SchoolArts Magazine

September 2015

SchoolArts is a national art education magazine committed to promoting excellence, advocacy, and professional support for educators in the visual arts since 1901.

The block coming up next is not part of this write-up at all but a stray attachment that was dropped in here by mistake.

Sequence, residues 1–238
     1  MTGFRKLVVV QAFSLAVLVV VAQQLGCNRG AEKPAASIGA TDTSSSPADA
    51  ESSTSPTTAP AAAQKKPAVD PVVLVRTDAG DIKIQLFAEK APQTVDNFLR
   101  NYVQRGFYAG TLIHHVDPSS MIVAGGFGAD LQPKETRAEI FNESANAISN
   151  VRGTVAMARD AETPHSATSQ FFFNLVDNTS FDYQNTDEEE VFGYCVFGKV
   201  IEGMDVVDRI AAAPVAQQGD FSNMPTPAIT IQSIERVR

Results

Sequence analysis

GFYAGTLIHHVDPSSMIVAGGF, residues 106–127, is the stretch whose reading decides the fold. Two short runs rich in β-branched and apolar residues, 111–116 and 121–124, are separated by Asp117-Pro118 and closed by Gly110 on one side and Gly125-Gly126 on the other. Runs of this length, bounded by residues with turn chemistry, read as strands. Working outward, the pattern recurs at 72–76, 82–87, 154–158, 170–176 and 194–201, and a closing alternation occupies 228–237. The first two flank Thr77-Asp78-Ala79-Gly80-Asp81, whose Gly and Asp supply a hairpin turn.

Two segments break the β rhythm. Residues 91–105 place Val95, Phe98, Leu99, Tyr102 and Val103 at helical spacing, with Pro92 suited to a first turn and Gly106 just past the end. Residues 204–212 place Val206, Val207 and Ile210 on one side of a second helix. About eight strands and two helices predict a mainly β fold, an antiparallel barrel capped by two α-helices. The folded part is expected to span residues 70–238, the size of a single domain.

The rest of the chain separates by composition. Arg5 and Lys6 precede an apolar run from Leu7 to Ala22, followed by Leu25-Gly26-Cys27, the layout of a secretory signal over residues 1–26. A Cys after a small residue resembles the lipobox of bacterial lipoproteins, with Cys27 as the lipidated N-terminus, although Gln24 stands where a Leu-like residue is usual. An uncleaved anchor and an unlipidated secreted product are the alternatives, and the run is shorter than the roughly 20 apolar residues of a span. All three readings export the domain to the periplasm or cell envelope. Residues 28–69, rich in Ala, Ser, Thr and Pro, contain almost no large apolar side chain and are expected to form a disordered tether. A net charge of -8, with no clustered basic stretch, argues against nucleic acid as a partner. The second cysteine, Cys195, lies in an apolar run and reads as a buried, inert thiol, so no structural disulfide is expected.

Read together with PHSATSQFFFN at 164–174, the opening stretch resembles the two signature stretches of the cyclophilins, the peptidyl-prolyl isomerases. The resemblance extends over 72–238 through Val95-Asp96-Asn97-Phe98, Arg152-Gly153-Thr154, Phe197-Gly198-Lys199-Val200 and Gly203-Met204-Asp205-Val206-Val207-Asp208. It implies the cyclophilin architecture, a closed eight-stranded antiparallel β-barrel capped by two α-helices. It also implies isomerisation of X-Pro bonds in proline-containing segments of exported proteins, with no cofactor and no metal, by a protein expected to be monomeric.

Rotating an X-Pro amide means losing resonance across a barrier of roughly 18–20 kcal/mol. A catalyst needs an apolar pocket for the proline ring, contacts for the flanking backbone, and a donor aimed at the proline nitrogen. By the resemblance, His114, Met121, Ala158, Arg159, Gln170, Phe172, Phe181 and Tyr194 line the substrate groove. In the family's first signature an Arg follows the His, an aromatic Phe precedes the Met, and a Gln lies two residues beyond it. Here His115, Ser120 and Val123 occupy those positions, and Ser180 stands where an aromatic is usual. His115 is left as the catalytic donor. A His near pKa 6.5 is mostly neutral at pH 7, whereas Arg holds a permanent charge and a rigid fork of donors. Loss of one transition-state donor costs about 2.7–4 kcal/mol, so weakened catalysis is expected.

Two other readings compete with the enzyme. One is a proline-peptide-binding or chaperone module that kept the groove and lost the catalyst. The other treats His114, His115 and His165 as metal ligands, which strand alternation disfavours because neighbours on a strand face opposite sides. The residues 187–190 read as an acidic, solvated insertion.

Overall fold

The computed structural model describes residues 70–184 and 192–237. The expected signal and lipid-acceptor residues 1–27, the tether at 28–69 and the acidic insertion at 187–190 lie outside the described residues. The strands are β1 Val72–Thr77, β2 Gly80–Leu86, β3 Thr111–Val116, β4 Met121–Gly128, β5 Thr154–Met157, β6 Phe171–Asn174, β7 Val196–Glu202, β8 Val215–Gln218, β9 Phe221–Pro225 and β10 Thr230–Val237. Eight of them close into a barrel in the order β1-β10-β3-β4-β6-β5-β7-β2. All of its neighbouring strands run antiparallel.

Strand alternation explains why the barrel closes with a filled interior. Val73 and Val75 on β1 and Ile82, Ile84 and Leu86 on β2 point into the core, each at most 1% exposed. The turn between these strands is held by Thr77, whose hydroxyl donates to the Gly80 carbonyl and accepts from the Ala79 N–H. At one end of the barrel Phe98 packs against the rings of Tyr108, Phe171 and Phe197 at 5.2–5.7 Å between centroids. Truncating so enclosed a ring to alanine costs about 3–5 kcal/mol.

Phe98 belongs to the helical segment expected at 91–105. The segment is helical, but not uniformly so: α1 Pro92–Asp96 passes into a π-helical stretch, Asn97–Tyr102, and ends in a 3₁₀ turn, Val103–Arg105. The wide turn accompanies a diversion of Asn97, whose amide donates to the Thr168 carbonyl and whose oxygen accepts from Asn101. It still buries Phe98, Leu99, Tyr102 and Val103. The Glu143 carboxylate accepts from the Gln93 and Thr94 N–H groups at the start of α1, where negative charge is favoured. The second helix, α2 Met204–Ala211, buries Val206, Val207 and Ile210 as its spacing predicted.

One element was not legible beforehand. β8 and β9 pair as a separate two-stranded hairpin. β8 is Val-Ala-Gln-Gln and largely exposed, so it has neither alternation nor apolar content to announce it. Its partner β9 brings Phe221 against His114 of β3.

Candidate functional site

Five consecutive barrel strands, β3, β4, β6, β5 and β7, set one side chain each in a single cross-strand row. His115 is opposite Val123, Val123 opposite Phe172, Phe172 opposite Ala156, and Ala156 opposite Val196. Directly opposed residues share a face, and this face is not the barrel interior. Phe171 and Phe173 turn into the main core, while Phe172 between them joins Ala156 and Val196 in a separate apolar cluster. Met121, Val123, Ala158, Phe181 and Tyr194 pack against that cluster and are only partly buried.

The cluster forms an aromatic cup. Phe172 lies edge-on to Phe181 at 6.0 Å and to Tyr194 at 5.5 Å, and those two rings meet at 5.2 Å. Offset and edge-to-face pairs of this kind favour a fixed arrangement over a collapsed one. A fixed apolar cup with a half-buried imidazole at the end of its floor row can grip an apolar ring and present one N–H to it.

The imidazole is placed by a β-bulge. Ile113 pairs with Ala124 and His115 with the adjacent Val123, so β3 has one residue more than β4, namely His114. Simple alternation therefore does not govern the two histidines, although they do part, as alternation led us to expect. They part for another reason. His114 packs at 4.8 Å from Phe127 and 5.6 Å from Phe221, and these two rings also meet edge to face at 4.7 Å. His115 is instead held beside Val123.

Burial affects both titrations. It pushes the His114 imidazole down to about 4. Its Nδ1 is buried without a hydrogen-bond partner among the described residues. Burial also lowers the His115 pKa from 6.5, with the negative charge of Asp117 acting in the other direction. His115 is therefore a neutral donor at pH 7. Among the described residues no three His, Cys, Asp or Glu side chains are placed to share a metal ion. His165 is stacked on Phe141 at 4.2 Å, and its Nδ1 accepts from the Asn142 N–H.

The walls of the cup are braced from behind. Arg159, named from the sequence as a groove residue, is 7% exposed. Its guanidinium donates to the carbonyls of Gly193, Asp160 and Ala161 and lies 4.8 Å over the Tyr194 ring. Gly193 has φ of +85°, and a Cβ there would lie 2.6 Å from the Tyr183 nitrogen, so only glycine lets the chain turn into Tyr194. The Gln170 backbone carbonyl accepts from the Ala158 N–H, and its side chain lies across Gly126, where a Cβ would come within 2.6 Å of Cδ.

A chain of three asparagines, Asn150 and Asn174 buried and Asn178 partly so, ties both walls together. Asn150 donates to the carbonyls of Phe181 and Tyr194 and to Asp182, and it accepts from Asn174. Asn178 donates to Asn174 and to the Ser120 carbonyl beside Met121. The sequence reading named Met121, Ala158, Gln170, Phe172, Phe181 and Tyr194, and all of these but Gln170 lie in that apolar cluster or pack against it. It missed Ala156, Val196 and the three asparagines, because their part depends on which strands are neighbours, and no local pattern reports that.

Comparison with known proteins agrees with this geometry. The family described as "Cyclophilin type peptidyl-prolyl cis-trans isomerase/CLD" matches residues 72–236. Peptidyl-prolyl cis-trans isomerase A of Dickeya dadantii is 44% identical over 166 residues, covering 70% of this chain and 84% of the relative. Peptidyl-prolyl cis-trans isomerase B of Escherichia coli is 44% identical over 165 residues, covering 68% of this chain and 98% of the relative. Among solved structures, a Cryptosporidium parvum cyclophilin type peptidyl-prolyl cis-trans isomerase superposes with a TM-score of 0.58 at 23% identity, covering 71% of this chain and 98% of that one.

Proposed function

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radial pattern to a piece of driftwood. Legend states that upon a sailor's return from sea, he gave these sym- metrical patterned valentines to loved ones. This lesson combined art standards with math standards, as stu- dents explored patterns and symmetry. Math As artists work, they plan and orga- nize supplies, materials, and ideas. Students gathered objects on the seashore, such as shells, seaweed, and sticks, and collectively classified and sorted these objects. Students then used these to create ecological land-art sculptures inspired by Andy Goldsworthy. In the end, students' math, science, and art scores improved and they were able to apply their newfound knowledge from the classroom to the beach. STEAM provided the founda- tion for an amazing experience that helped students make connections between the arts and non-art subjects, strengthen skills in all areas, and gain a rich learning experience. Tracey Hunter-Doniger teaches at the College of Charleston, in Charleston, South Carolina. hunterdonigertl@ CONTINUED FROM PAGE 12. P O I N T O F V I E W STEAM into Action at the Ocean CONTINUED ON PAGE 45. T here is no question that STEM concepts and constructs are vital to learning, but STEAM goes that extra step by infusing the arts and art standards seamlessly into lessons, providing students with the opportunity to explore, create, innovate, and actively participate in the learning process. By making pur- poseful connections through STEM and the arts, skills in all areas are strengthened and students gain a richer learning experience. STEAM in Practice Last spring I had the pleasure of being an artist-in-residence at Howe Hall Elementary, an arts-infused school in South Carolina. This residency inves- tigated the outcomes of a STEAM program implemented into two kin- dergarten classrooms. Students were introduced to complex math and sci- ence standards, then problem-solved using art and design standards to explore each concept. During my residency, I taught a series of ocean-themed lessons. I also organized a field trip to the Atlantic Ocean, where I activated prior knowl- edge from the classroom lessons and put STEAM into action at the ocean. Students rotated through eight rigor- ous lessons, each of which integrated two or more subjects. The following lessons are from the STEAM field trip and describe the connections between the disciplines. Science Visual art and scientific inquiry go hand in hand. Just as scientists explain the world from their observa- tions and research, artists explore the world and explain it through their artwork. Applying scientific inquiry to the art-making process, students painted what they observed at the ocean and designed a tourism bro- chure to entice visitors. Technology Technology is the application of scien- tific knowledge to invent or improve useful things or to solve problems. In South Carolina, the history of pirates is an important part of the state social studies curriculum. At the ocean, we discussed the tools and technol- ogy that would have been around during the time of Black Beard, then used pirate technology as props for an improvisation of "a day in the life of a pirate," which met state theater standards. Engineering I focused the engineering lesson on the five-step design process of ask, imagine, plan, create, and improve. While at the ocean, each group of stu- dents was asked to build a village out of sand. The groups rotated, adding more to each sand village to improve the design's sustainability. By the end of the day the sand village had a water reservoir, recreational spaces, a for- est, a shopping center, a downtown, a complex series of roads, and three subdivisions. Art Students created a form of nineteenth- century nautical artwork called a "sailor's valentine." Made originally Tracey Hunter-Doniger Students were introduced to complex math and science standards, then problem-solved using art and design standards to explore each concept. 12 SEPTEMBER 2015 SchoolArts SCHOOLARTSMAGAZINE.COM 45 Advertiser Page Advertiser Page Academy of Art University 2 AMACO 52 CIII Apple Subway Tours 45 Bailey Pottery Supply 41 Blick CIV Crayola CII Davis Art Images 16 Davis Publications 4 46 Fastenation 49 General Pencil 45 49 Handy Art 50 L&L Kiln 45 NAEA 13 Nasco Arts & Crafts 7 PCF Studios 50 Royalwood Ltd. 50 SchoolArts 42 Skutt 1 The SHOP ArtEd 2.0 47 Curator's Corner 47 Davis Publications 47 Nasco Arts & Crafts 47 SchoolArts 48 Teaching Palette, The 48 Unsung Heroes 48 Youth Art Month 48 Advertiser Index REMOVES WET & DRY OIL PAINT "The Masters" ® Brush Cleaner and Preserver removes wet and dry oil paint, acrylics, alkyds, watercolor, gouache, stains, and more! 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